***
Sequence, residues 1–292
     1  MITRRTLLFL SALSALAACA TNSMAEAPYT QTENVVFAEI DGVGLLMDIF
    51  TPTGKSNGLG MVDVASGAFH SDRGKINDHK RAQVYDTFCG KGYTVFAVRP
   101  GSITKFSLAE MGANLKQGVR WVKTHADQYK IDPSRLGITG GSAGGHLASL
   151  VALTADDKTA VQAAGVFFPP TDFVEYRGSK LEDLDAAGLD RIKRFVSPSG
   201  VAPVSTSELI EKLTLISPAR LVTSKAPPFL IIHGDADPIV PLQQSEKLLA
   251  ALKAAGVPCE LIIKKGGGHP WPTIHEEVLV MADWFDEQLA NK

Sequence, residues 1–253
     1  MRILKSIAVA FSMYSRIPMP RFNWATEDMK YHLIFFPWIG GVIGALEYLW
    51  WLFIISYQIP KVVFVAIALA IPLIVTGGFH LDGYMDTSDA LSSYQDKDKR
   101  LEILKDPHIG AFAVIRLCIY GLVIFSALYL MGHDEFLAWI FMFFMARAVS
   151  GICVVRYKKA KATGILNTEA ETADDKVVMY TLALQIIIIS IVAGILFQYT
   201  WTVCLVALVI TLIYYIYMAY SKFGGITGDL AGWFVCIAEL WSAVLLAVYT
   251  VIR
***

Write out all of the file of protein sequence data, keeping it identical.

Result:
Sequence, residues 1–292
     1  MITRRTLLFL SALSALAACA TNSMAEAPYT QTENVVFAEI DGVGLLMDIF
    51  TPTGKSNGLG MVDVASGAFH SDRGKINDHK RAQVYDTFCG KGYTVFAVRP
   101  GSITKFSLAE MGANLKQGVR WVKTHADQYK IDPSRLGITG GSAGGHLASL
   151  VALTADDKTA VQAAGVFFPP TDFVEYRGSK LEDLDAAGLD RIKRFVSPSG
   201  VAPVSTSELI EKLTLISPAR LVTSKAPPFL IIHGDADPIV PLQQSEKLLA
   251  ALKAAGVPCE LIIKKGGGHP WPTIHEEVLV MADWFDEQLA NK

Sequence, residues 1–253
     1  MRILKSIAVA FSMYSRIPMP RFNWATEDMK YHLIFFPWIG GVIGALEYLW
    51  WLFIISYQIP KVVFVAIALA IPLIVTGGFH LDGYMDTSDA LSSYQDKDKR
   101  LEILKDPHIG AFAVIRLCIY GLVIFSALYL MGHDEFLAWI FMFFMARAVS
   151  GICVVRYKKA KATGILNTEA ETADDKVVMY TLALQIIIIS IVAGILFQYT
   201  WTVCLVALVI TLIYYIYMAY SKFGGITGDL AGWFVCIAEL WSAVLLAVYT
   251  VIR